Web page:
International Journal of Nanomedicine (2020-08-01)

Past, Present, and Future of Anticancer Nanomedicine

  • Kim K,
  • Khang D

Journal volume & issue
Vol. Volume 15
pp. 5719 – 5743

Abstract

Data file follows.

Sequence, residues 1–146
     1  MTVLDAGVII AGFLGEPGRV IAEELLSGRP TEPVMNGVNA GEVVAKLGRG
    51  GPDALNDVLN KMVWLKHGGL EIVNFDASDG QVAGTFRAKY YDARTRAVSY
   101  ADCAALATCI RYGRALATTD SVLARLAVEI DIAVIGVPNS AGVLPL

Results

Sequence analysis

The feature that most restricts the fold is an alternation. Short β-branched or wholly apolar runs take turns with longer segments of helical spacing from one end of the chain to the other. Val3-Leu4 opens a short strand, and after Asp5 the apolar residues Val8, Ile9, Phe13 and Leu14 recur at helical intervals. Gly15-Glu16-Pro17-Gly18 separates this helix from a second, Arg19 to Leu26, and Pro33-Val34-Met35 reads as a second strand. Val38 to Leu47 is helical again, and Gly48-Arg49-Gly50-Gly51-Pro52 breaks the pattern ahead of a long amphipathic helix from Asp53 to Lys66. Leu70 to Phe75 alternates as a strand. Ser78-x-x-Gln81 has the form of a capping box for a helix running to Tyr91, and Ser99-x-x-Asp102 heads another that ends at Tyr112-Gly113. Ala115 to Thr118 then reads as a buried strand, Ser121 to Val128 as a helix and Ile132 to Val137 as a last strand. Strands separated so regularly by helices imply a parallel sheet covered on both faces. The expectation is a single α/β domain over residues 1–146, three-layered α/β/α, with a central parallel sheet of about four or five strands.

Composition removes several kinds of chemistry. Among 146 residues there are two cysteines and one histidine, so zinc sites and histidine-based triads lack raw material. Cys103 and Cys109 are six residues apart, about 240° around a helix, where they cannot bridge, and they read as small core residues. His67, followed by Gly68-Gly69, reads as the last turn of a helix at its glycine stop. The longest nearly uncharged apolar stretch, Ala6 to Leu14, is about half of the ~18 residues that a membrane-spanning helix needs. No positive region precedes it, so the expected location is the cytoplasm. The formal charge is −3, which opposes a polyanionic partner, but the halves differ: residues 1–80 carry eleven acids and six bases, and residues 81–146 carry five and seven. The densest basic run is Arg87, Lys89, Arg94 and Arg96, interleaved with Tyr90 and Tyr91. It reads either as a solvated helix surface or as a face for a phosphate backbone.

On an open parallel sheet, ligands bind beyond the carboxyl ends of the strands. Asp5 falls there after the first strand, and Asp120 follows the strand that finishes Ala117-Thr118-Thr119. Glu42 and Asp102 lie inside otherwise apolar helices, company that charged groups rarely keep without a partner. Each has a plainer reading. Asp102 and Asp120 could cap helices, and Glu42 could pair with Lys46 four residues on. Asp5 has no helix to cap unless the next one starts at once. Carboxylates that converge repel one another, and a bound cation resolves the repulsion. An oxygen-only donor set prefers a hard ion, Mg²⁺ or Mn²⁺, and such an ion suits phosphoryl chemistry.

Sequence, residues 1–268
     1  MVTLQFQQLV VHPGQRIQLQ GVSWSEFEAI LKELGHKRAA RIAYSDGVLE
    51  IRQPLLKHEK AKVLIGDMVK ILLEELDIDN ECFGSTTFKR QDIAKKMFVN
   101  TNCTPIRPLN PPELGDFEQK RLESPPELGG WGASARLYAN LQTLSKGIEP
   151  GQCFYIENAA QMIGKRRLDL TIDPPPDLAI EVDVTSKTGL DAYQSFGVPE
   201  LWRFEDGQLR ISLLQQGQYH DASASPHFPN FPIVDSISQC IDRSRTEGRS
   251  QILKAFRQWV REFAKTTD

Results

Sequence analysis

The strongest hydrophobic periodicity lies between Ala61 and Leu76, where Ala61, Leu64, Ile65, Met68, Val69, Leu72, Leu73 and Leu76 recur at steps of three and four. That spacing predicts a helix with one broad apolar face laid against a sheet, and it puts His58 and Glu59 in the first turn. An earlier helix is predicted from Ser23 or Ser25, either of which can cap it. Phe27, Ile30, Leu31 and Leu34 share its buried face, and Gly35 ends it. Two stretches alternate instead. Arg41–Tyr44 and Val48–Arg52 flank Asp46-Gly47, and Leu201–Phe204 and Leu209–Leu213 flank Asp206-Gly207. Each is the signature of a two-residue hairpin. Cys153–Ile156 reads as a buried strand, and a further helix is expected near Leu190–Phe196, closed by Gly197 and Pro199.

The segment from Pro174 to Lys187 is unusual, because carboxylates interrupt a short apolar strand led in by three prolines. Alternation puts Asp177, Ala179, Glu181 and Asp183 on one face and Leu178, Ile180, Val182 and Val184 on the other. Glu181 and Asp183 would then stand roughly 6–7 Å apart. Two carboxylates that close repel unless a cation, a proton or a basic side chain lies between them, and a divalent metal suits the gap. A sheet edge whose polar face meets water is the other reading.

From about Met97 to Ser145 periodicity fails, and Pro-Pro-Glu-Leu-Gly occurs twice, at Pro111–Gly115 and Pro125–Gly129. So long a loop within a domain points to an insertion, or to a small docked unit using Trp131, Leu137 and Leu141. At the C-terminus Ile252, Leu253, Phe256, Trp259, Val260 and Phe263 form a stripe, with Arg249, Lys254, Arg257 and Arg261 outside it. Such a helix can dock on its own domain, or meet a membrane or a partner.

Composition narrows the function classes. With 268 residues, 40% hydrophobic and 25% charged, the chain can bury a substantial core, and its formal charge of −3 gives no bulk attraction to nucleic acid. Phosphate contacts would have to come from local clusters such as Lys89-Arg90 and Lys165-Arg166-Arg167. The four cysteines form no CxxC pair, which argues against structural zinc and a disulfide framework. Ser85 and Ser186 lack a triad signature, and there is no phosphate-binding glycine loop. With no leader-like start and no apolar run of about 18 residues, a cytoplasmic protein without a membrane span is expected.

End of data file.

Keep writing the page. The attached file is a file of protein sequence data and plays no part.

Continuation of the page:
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Kyungeun Kim,1 Dongwoo Khang1– 4 1College of Medicine, Gachon University, Incheon 21999, South Korea; 2Lee Gil Ya Cancer and Diabetes Institute, Gachon University, Incheon 21999, South Korea; 3Gachon Advanced Institute for Health Science & Technology (GAIHST), Gachon University, Incheon 21999, South Korea; 4Department of Physiology, School of Medicine, Gachon University, Incheon 21999, South KoreaCorrespondence: Dongwoo KhangDepartment of Physiology, School of Medicine, Lee Gil Ya Cancer and Diabetes Institute, Gachon Advanced Institute for Health Science & Technology (GAIHST), Gachon University, Incheon 21999, South KoreaTel/Fax +82 32 899 1525Email [email protected]: This review aims to summarize the methods that have been used till today, highlight methods that are currently being developed, and predict the future roadmap for anticancer therapy. In the beginning of this review, established approaches for anticancer therapy, such as conventional chemotherapy, hormonal therapy, monoclonal antibodies, and tyrosine kinase inhibitors are summarized. To counteract the side effects of conventional chemotherapy and to increase limited anticancer efficacy, nanodrug- and stem cell-based therapies have been introduced. However, current level of understanding and strategies of nanodrug and stem cell-based therapies have limitations that make them inadequate for clinical application. Subsequently, this manuscript reviews methods with fewer side effects compared to those of the methods mentioned above which are currently being investigated and are already being applied in the clinic. The newer strategies that are already being clinically applied include cancer immunotherapy, especially T cell-mediated therapy and immune checkpoint inhibitors, and strategies that are gaining attention include the manipulation of the tumor microenvironment or the activation of dendritic cells. Tumor-associated macrophage repolarization is another potential strategy for cancer immunotherapy, a method which activates macrophages to immunologically attack malignant cells. At the end of this review, we discuss combination therapies, which are the future of cancer treatment. Nanoparticle-based anticancer immunotherapies seem to be effective, in that they effectively use nanodrugs to elicit a greater immune response. The combination of these therapies with others, such as photothermal or tumor vaccine therapy, can result in a greater anticancer effect. Thus, the future of anticancer therapy aims to increase the effectiveness of therapy using various therapies in a synergistic combination rather than individually.Keywords: stem cell-based therapy, T cell-mediated therapy, macrophage repolarization, nanodrug-based immunotherapy

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